The queen of instruments

Through its diverse architecture technology and tone probably no other instrument can so aptivate us, touch us so deeply or produce such enormous admiration.

As with all works of art, organ building is also connected with the style and aesthetics of individual epochs and is not isolated from shifts in the zeitgeist.

Why do the famous historical organs from the 17th and 18th centuries still sound so outstanding today?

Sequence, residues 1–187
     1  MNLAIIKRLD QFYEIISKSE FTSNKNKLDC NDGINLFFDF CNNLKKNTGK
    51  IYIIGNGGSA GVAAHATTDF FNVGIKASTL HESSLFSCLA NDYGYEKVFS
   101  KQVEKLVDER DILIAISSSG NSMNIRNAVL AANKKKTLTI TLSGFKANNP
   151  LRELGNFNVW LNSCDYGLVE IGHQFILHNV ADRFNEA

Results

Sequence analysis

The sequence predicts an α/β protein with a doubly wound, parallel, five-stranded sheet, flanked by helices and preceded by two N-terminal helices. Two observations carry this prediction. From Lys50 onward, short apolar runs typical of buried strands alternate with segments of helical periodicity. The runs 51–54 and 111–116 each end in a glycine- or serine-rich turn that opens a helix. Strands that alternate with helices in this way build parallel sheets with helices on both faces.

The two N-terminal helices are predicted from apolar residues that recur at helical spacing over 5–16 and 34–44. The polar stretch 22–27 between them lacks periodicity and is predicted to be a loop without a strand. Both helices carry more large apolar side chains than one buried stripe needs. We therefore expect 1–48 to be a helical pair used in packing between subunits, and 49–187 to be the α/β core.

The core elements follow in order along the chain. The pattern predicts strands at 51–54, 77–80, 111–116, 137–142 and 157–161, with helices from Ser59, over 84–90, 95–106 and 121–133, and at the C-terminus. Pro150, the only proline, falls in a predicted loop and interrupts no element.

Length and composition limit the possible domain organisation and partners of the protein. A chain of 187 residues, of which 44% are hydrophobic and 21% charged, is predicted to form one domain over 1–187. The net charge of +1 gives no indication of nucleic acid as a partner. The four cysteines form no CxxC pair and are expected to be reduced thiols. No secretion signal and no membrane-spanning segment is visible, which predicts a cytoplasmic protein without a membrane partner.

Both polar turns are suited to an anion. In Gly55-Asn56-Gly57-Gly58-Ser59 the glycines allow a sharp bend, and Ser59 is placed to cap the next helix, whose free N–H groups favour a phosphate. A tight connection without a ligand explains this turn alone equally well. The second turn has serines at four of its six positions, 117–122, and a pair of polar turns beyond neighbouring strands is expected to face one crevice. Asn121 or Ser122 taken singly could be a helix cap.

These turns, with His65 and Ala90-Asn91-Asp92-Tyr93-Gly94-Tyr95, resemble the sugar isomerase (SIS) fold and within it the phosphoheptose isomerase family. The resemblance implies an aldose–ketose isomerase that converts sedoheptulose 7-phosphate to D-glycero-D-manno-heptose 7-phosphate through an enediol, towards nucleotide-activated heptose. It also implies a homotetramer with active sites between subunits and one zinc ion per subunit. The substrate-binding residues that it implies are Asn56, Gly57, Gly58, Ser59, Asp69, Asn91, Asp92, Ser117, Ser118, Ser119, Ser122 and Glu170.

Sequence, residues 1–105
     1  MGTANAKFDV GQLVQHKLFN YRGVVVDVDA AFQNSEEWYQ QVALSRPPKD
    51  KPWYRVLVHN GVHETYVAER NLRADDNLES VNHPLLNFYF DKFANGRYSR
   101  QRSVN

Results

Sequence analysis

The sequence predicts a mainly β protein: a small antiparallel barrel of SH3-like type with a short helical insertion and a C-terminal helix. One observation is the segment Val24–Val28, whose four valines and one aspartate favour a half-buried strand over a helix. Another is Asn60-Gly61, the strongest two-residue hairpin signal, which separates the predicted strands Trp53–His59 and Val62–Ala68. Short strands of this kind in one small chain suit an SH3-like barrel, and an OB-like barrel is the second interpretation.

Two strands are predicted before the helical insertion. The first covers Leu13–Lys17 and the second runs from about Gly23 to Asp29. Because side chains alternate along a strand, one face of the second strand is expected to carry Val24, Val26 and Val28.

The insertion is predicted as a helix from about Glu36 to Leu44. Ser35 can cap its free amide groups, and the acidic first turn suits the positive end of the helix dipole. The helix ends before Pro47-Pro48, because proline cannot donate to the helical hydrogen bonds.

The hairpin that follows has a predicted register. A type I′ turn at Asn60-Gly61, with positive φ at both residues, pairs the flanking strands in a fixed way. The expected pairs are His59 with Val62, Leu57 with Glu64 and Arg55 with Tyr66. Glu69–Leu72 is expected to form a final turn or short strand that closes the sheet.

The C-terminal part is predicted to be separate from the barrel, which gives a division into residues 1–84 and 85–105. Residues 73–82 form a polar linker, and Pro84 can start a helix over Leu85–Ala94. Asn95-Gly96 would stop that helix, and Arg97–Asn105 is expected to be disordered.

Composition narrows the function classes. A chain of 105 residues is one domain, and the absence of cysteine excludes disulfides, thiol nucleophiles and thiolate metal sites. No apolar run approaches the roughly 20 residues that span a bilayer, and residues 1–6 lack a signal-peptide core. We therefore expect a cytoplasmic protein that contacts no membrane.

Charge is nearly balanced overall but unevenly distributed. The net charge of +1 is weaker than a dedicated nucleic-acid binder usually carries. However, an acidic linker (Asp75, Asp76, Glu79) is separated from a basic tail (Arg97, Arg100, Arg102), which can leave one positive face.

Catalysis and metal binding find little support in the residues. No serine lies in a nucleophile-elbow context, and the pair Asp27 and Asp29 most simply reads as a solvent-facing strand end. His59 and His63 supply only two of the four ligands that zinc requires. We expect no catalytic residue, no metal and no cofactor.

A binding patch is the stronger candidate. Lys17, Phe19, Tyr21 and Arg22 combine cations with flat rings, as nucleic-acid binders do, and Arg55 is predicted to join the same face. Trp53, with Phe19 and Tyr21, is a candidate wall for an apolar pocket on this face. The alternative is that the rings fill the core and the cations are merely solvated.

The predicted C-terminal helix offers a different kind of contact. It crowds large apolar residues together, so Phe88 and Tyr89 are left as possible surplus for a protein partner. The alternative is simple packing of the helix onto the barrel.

Anyone exploring this question that analyses instruments such as that in the St. Wenzelskirche Naumburg, in the St. Bavokerk in Haarlem or in the Jacobikirche in Hamburg, for example, will find many different parameters for the optimisation of tone and playing technique. Beginning with sufficient bellows capacity with “breathing” wind, through uncomplicated and straight action paths, up to perfect tone production by the pipes, these instruments form a closed, harmonious unit, a “unitas”, in which the organ player, who can be seen more as a servant than as an “operator”, can be harmoniously integrated.

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